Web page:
February 25, 2016
By Kristin Noll-Marsh
West Allis, WI — Last week, news came through social media that West Allis was considering two ordinances regarding vape shops and vaping. At first, both proposed ordinances seemed relatively benign. One required vape shops to carry a license at the cost of $100 per annum. The other appeared to only prohibit the use of vapor products on West Allis school grounds. However, after the language was reviewed by WSAC, it was determined that the latter actually banned vaping in all places smoking is currently prohibited by state law, including school grounds and vape shops. This was accomplished by adding language to the existing ordinance that redefined “smoking” to include the use of all vapor products. WSAC also discovered that the February 23rd West Allis Licensing & Health Committee meeting was receiving a presentation by Sue Marten, the Coalition Coordinator for Tobacco-Free Suburban Milwaukee & Ozaukee Counties and the Wisconsin Tobacco Prevention and Control Program.
Jim Cottrill, owner of Vape 108 in West Allis, was preparing for a 10-day trip to warmer weather when he heard the news. “I dropped everything,” said Mr. Cottrill. Instead, he got online and on the phone to discover when the meeting was and whether or not the Committee would be allowing public comments. Then he took the information he had gathered to vape groups on Facebook, encouraging other shop owners to attend the meeting and customers to call or write their Aldermen.
After speaking to the Committee Chair, he (and only he) was given permission to address the Committee for just five minutes at the meeting, following Ms. Marten’s presentation. “He clearly stated to me that there would not be any opportunity for us to be involved in any type of debate and that it would be opened at a later meeting,” Cottrill told WSAC. However, he was disappointed when he found himself completely alone at the meeting Tuesday night. “I was severely saddened to see that no other owners felt this important enough to take time out of their busy lives,” he said.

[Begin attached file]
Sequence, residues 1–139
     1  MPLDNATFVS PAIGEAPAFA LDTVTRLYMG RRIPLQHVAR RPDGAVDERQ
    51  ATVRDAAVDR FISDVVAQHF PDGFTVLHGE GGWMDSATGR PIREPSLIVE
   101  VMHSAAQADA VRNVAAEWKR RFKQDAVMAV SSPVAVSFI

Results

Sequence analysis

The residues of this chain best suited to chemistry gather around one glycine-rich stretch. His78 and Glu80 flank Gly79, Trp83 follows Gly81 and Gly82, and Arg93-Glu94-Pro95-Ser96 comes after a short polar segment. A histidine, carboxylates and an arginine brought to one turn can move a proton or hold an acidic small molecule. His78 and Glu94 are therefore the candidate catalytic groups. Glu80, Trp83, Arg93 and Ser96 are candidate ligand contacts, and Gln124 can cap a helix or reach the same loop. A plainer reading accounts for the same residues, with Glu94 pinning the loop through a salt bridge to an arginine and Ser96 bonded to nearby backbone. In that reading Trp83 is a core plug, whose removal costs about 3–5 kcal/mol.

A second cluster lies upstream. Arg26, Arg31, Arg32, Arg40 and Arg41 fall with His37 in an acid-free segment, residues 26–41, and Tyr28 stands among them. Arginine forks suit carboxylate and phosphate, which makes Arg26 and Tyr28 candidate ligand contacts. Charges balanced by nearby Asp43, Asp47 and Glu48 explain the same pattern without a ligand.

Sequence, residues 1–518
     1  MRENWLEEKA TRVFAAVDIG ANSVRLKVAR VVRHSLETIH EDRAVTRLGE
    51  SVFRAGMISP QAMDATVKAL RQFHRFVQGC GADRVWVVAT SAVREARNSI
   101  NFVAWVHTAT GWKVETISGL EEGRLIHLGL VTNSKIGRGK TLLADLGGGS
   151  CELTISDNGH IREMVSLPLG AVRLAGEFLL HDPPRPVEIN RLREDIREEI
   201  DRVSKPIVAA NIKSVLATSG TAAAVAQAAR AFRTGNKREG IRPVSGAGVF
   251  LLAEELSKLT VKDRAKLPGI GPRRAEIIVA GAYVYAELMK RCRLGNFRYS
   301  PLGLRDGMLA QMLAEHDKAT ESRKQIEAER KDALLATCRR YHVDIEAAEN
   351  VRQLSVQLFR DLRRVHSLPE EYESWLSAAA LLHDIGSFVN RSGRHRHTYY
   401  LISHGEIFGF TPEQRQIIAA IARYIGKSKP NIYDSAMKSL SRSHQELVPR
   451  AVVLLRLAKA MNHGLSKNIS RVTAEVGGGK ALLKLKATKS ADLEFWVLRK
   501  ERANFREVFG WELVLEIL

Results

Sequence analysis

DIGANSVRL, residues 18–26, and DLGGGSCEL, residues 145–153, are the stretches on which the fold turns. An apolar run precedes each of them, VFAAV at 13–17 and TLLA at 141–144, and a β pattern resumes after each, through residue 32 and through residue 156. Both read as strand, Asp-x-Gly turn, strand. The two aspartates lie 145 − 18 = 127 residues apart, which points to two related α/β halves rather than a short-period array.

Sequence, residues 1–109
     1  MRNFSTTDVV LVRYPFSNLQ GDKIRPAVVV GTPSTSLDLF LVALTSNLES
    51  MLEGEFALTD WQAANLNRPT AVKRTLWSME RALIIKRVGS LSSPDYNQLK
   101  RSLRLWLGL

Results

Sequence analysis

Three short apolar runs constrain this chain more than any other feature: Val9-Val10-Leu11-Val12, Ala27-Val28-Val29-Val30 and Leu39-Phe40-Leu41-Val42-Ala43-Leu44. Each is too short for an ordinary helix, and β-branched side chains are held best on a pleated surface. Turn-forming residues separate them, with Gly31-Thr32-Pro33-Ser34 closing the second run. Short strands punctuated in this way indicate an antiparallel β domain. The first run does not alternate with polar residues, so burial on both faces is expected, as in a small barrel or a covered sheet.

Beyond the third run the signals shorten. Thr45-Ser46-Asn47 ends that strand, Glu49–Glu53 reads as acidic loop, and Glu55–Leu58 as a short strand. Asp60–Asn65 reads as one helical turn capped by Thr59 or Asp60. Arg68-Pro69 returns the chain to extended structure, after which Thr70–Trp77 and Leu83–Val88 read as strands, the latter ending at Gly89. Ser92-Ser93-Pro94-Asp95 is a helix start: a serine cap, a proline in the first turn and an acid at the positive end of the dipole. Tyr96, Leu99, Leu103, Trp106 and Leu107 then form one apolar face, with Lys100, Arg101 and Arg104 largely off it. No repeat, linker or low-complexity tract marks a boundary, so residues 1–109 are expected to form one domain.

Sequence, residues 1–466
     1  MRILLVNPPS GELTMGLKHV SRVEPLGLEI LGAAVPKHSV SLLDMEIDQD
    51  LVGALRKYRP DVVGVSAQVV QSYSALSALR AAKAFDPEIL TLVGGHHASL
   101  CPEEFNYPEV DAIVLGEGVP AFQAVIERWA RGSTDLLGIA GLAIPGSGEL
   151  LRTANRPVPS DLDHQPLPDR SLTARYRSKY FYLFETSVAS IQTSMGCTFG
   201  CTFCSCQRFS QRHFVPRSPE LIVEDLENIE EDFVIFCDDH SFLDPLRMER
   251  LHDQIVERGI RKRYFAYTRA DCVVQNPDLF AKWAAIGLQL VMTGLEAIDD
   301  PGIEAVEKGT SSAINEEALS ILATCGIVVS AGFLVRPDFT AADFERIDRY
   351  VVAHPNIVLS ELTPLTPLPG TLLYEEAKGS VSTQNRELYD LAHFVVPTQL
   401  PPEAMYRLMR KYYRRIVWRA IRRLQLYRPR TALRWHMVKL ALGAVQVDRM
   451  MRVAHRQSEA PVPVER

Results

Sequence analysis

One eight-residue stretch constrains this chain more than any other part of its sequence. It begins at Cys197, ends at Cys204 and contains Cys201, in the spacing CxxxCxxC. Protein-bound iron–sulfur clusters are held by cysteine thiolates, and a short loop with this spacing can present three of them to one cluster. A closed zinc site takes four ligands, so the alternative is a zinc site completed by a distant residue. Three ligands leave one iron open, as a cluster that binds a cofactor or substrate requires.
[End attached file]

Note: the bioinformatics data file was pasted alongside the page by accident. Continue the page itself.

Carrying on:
The meeting itself turned out to be more than he expected. “After [Marten] did a Power Point presentation that spoke of all the dangers of vaping, she handed out e-cigarettes that appeared to be cheap devices from gas stations and a Vuse [the electronic cigarette made by RJ Reynolds.] As she handed them out, she warned the Committee to be sure to wash their hands after touching them, because ‘they are extremely toxic’,” said an incredulous Cottrill. At that point, Cottrill reported that everyone at the Committee table was wide-eyed and seemed to be in agreement that something had to be done.
Then came Cottrill’s five minutes.
He spoke from the heart and from his viewpoint as a shop owner. “I told them that I hadn’t experienced anything like [Marten] had said. I’ve had so many customers who have quit smoking because of vaping and thank me.”
Cottrill also pointed out that prohibiting vaping in vape shops, which is what he sells, would be like prohibiting drinking in a tavern. He told them that vape shops need to allow vaping and the shops in West Allis would be forced to move outside of the city, taking their business and customers with them.
At that point, Cottrill’s five minutes were up, but to his surprise, the Committee members started asking him questions. “After that, only one Committee member still supported the ordinances, but only if vape shops were exempted from the indoor ban. The others stated that they were not convinced by the studies that she had given them and said that businesses should be able to decide whether or not to allow vaping in their establishment, not the government. One even said he didn’t want to make it harder for smokers to quit. Then they put both ordinances on hold until the other six Aldermen can see the data.”
While this may only be a temporary stay, Cottrill is convinced that it would have moved forward that night, had he not been there to speak up. “The way they were acting after her presentation, they looked convinced [that the measures were reasonable] until I talked to them,” he said.
As far as we’re concerned. by stepping up and showing that one voice can make a difference, Mr. Cottrill deserves the gratitude of the vaping community in West Allis. Hopefully, other vape shop owners and their customers will follow his example in the future.
WSAC will continue to monitor the situation in West Allis and issue a Call to Action alert should these ordinances be placed on a future agenda.